It will be seen that these tax differentiations tend to offset in part the effects of the price policies, discussed in the previous section, on the incomes of different economic branches. Alternatively, it may be said that these price policies divert income into those sectors and industries where high differential rates of tax can be applied. The latter aspect is the more important where the price spread between industry and agriculture is concerned, but the former is the more important for the price spread between industries producing more essential, as against those producing less essential, goods.

The revenues from taxation are distributed among the budgets of the Federation, Republics, Districts, and Communes, the social investment loan funds, and special social funds. Roughly 60 per cent of the revenues accrue to the budgets and 40 per cent to the various social funds; of the latter, the social investment loan funds, which finance general economic investment, receive by far the biggest share. The special social funds are set aside for projects of a specifically “social” character, such as housing, the promotion of agriculture and forestry, water supply, roads, the training of personnel, etc. There is also a social security fund supported by social insurance contributions.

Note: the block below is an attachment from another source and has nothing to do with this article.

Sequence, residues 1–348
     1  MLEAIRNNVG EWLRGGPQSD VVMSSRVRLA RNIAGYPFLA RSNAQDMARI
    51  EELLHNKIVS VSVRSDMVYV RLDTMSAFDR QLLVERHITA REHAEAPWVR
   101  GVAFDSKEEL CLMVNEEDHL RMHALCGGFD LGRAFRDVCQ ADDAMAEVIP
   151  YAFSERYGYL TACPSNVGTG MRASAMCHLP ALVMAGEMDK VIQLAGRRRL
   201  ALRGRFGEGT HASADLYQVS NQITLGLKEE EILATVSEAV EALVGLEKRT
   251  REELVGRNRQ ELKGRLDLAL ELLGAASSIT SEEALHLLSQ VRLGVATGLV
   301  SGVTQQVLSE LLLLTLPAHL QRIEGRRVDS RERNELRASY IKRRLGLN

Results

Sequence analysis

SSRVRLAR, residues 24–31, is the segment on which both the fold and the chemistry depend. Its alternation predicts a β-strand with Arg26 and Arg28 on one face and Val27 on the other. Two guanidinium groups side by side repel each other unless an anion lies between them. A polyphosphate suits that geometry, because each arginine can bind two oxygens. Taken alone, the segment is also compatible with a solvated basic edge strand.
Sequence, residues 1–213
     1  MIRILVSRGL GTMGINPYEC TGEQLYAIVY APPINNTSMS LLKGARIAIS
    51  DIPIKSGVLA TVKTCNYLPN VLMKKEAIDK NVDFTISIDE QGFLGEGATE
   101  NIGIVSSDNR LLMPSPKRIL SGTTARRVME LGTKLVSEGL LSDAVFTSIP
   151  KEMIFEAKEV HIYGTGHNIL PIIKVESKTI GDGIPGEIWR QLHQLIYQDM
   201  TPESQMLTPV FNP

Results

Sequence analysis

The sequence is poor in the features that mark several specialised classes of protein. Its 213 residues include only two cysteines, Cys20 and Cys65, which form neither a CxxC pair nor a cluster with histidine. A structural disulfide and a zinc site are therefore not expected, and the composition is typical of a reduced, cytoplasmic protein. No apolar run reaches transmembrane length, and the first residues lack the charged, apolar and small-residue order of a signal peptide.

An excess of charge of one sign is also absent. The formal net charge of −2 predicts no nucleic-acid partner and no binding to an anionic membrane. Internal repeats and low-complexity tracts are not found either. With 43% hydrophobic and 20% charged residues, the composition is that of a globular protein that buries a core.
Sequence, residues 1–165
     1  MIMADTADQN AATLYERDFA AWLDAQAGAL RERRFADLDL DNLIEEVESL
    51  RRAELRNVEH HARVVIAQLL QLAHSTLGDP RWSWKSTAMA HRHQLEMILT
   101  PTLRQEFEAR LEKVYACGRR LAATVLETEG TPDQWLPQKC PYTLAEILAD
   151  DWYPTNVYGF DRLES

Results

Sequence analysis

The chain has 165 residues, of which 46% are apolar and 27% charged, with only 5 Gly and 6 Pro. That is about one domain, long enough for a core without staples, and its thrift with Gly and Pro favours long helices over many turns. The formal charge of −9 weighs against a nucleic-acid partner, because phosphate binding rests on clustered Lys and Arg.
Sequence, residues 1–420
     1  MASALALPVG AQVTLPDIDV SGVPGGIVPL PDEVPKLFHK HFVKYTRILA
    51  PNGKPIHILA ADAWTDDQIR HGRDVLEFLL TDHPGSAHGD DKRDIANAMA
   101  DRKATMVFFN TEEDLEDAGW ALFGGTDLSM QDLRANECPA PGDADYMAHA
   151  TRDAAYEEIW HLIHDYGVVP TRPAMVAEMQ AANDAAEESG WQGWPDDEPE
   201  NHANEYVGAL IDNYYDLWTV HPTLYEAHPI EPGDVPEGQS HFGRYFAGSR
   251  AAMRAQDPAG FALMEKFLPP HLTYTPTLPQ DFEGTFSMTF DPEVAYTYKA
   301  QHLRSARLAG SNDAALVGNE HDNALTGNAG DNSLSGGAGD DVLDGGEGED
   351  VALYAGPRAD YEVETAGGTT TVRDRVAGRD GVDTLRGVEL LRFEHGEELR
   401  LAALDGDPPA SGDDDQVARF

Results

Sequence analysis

The federal budget receives the lion’s share (60 per cent) of total budgetary receipts, including the receipts of government agencies, establishments, and firms, as well as tax revenues. The Communes receive close to 20 per cent, and the remainder is fairly equally divided between Republics and Districts.

The expenditure side of Yugoslav budgets calls for no great comment, except to say that, over the last three years, about half of the federal budget was spent on defense, about 5 per cent on subsidizing the budgets of the Republics (which in turn pass on part of what they receive to Districts and Communes), and some 15 per cent on subsidizing the economy, especially agriculture, in various ways. Expenditure on export assistance, which in 1961 constituted almost 10 per cent of budgetary expenditure, should gradually disappear.

In general, the principle of budget balance is maintained. Under regulations introduced in 1961, banks are forbidden to extend credit to governments of Republics, Districts, and Communes. In an emergency, these governments may draw on reserve funds accumulated for this purpose. The Federation also plans to spend less than it receives, and though in the course of the year the Federal Government may borrow up to a certain amount, which has to be repaid before the end of the same year, its accounts on a cash basis have recently been in balance or surplus.

Financing of Investment